Goldberger is a mid-sized asteroid orbiting between Mars and Jupiter within the inner portion of the asteroid belt. NASA JPL has not classified Goldberger as potentially hazardous because its orbit does not bring it close to Earth.
Goldberger orbits the sun every 1,020 days (2.79 years), coming as close as 1.89 AU and reaching as far as 2.07 AU from the sun. Based on its brightness and the way it reflects light, Goldberger is probably between 3.986 to 8.913 kilometers in diameter, making it larger than 99% of asteroids, very roughly comparable in size to the San Francisco Bay.
The rotation of Goldberger has been observed. It completes a rotation on its axis every 5.27 hours.
Goldberger's orbit is 0.89 AU from Earth's orbit at its closest point. This means that there is an very wide berth between this asteroid and Earth at all times.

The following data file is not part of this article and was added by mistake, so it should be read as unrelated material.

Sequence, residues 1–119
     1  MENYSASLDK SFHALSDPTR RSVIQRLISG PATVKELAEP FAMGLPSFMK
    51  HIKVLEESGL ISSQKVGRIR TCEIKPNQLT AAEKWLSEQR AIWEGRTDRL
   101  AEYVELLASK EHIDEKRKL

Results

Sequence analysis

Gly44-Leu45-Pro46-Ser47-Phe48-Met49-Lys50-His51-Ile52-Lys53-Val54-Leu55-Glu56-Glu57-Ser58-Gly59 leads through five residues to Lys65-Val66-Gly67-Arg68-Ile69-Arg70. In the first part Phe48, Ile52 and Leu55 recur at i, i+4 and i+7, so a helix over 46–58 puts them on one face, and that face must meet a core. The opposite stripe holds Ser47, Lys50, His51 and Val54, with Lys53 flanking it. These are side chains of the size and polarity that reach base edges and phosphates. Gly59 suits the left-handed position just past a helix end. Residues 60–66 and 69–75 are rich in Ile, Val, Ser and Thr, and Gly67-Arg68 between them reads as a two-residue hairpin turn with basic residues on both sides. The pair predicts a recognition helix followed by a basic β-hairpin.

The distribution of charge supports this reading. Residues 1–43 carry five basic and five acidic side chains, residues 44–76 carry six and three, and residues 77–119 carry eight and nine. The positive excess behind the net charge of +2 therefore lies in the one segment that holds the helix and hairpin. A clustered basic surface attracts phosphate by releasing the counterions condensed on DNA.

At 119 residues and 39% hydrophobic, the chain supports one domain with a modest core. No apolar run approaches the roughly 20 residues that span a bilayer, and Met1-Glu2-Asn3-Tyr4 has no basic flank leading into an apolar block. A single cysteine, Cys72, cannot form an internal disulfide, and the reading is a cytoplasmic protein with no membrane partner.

Orbital simulations conducted by NASA JPL's CNEOS do not show any close approaches to Earth.
Goldberger's orbit is determined by observations dating back to April 11, 1978. It was last officially observed on Dec. 7, 2020. The IAU Minor Planet Center records 2,381 observations used to determine its orbit.
The position of Goldberger is indicated by a ◯ pink circle. Note that the object may not be in your current field of view. Use the controls below to adjust position, location, and time.
The above comparison is an artistic rendering that uses available data on the diameter of Goldberger to create an approximate landscape rendering with Mount Everest in the background. This approximation is built for full-resolution desktop browsers. Shape, color, and texture of asteroid are imagined.